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Biden Administration Again Bypasses Congress for Weapons Sale to Israel

The Biden administration is bypassing Congress for the second time since the start of the war in Gaza for a weapons sale to Israel, a move that comes amid growing anger at the United States over its backing of Israel as the Gaza death toll rises and misery spreads.

The State Department said late Friday that it had approved a proposed $147.5 million sale of artillery munitions and related equipment to Israel, invoking an emergency provision that avoids a congressional review process generally required for arms sales to other nations. The department used the same provision this month to facilitate a government sale of about 13,000 rounds of tank ammunition to Israel.

That earlier instance was the first time the State Department had invoked the emergency provision for an arms shipment to the Middle East since May 2019, when Secretary of State Mike Pompeo approved weapons sales to Saudi Arabia and the United Arab Emirates, a move that lawmakers and some career officials inside the State Department criticized.

The State Department has also used the emergency provision at least two times since 2022 to rush arms to Ukraine for its defense against Russia’s invasion.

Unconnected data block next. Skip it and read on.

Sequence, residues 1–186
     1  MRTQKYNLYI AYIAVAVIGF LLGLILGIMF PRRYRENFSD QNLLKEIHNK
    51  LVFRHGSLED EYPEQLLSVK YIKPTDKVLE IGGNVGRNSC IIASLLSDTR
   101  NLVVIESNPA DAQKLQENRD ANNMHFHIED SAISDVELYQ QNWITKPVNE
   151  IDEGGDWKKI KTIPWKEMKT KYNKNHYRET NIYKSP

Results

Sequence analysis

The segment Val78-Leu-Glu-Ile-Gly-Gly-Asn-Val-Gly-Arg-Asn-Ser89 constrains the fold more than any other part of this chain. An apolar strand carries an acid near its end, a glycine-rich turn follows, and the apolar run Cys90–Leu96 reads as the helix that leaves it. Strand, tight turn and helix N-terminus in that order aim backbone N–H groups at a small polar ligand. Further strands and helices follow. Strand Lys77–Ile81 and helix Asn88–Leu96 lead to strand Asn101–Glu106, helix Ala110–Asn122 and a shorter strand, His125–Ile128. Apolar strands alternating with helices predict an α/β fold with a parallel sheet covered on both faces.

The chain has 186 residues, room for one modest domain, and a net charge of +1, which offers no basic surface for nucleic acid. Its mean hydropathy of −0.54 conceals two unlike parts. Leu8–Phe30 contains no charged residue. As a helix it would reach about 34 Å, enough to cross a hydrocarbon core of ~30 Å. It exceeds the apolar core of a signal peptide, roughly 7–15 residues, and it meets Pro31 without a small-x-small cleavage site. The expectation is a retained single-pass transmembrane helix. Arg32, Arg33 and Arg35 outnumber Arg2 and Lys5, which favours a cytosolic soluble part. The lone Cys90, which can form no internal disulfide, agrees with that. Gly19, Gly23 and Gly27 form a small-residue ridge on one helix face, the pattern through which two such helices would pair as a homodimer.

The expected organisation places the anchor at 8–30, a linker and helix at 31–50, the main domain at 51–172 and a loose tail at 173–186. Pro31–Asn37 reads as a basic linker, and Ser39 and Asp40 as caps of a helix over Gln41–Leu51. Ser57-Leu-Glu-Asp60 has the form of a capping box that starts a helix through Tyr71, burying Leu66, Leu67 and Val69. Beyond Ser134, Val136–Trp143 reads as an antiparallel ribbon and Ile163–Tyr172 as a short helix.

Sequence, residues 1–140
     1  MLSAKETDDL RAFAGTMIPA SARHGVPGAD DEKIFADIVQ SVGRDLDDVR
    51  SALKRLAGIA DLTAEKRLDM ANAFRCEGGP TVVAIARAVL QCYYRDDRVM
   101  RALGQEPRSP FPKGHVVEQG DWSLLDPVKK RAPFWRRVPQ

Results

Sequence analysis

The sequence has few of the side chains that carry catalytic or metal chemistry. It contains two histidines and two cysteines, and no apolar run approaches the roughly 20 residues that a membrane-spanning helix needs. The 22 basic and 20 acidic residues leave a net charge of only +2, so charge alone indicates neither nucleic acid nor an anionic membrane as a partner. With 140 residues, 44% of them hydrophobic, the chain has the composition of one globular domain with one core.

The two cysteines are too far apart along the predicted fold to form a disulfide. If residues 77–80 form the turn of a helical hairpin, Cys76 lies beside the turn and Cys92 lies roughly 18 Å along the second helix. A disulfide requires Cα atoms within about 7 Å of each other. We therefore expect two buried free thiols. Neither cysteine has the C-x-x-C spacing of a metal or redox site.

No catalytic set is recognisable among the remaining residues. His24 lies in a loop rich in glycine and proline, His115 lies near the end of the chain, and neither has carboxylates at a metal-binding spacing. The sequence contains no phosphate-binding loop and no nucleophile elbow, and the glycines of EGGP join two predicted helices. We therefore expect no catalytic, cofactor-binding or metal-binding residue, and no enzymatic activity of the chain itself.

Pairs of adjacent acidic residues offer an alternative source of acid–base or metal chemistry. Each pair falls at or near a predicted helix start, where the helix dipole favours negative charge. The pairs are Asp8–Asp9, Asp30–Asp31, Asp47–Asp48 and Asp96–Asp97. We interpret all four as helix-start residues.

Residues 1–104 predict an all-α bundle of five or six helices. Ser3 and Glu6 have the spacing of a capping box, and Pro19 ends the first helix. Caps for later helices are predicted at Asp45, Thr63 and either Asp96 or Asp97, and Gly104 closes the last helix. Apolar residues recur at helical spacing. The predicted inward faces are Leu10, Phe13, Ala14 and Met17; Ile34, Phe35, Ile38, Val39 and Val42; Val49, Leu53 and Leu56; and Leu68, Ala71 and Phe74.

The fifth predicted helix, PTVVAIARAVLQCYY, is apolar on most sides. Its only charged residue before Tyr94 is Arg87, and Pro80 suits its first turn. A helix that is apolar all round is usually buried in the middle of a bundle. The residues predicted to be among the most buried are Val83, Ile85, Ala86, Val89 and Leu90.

As casualties in the Gaza war mount, Prime Minister Benjamin Netanyahu of Israel has faced increasing pressure from the United States to lower the conflict’s intensity, but he said last week that Israel would “deepen” the fighting in coming days.

For its part, criticism of the United States has been building as international calls for a cease-fire grow. The United Nations Security Council this month adopted a resolution that called for more aid to reach civilians in Gaza but, to gain support from Washington, stopped short of imposing a cease-fire.

The State Department said in a statement on Friday that Secretary of State Antony J. Blinken had “provided detailed justification to Congress that an emergency exists that requires the immediate sale” to Israel.

“The United States is committed to the security of Israel, and it is vital to U.S. national interests to assist Israel to develop and maintain a strong and ready self-defense capability,” the State Department said. “This proposed sale is consistent with those objectives.”

“It is incumbent on all countries to employ munitions consistent with international humanitarian law,” it added.

Israeli airstrikes and ground operations have killed more than 20,000 people in Gaza, according to the enclave’s health ministry. The war started on Oct. 7 when Hamas launched cross-border attacks in Israel, killing at least 1,200 people, according to the Israeli authorities.

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